The new Premier League season in England is underway, and one of the main topics of conversation is the impact that the change in managers may have on the success of the teams this season. Football pundits are abuzz with what the return of the “Special One” will mean for Chelsea; what the first season in almost 30 years that Manchester United take the field without their, some would say, irreplaceable manager Sir Alec Ferguson, will mean for the club; what the quiet but big spending new manager across town at City will achieve; whether the existing Arsenal manager, Arsene Wenger, is “past his sell by date”, an opinion held by some due to the lack of investment made by him during the off season. It is clear that the manager is seen as pivotal to a teams’ success or failure and it is the manager that, time and again, has taken the fall for the latter.
So, I find it surprising and slightly concerning that, when it comes to collective investment schemes, when looking at the past performance of a fund in order to decide whether to entrust it with one’s own, or one’s clients hard earned cash, we are not more frequently asking the question “is the current manager the one that achieved this track record?”. For all we know, the current manager may have only recently taken over the fund or is, as some believe of Mr Wenger, no longer managing effectively and new blood might be beneficial.
I am certain that anyone analysing Manchester United’s prolific track record under Sir Alec, knows that this cannot possibly be attributed, in any way, to David Moyes and so it follows that, if we were attempting to predict the future success of the team, we would not base our expectations on the team’s track record as much as we would base it on what we know of the capabilities and track record of the new individual now in charge.
Which begs the question – how many of us can say that we are as certain of who was responsible for the track record of investments we are considering, as we are certain that David Moyes had nothing to do with Manchester United topping the Premier League table 13 times.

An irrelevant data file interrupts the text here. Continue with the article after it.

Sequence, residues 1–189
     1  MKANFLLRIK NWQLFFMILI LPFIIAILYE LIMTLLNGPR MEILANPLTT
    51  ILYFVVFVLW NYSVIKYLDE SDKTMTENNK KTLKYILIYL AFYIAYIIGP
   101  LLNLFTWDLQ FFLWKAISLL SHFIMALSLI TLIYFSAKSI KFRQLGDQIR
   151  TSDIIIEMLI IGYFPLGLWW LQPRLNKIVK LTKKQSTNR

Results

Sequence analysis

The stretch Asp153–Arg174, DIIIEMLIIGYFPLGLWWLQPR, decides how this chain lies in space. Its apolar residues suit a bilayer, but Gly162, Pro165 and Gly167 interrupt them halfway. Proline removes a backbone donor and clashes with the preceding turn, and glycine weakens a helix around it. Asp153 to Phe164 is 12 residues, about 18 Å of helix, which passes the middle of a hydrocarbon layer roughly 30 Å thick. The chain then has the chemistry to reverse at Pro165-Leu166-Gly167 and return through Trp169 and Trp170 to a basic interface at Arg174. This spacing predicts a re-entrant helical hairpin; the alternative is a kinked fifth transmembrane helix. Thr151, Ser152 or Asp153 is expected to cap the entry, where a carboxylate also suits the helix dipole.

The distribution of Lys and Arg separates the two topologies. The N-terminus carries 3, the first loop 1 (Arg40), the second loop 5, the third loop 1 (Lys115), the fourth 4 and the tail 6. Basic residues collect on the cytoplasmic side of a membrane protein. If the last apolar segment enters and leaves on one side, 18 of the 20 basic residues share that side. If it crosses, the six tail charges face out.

And, for funds currently held, be it directly or on behalf of clients, how many investors and/or advisers are using the news of a manager change as a trigger to review their investment plan, to learn what they can about the new manager and what they might hope to expect from him or her and, if necessary, adjust their thinking in respect of investment in the relevant fund as a result.
Basing a decision solely on one individual as to which investment or indeed, for that matter which Premier League team, we expect to be the most successful over the coming year, is certainly not what I am advocating here as, amongst many other factors, the infrastructure that surrounds that manager is also a very important factor that should not be ignored. Equally though, the individual can also not be ignored.
Having the information at our disposal to enable us to determine how much influence an individual, currently in charge of a fund, actually had on the published track record of that fund, should be something that we encourage industry players to make readily available, be this via their fund factsheets and/or other communications, to advisers, investors and prospective investors.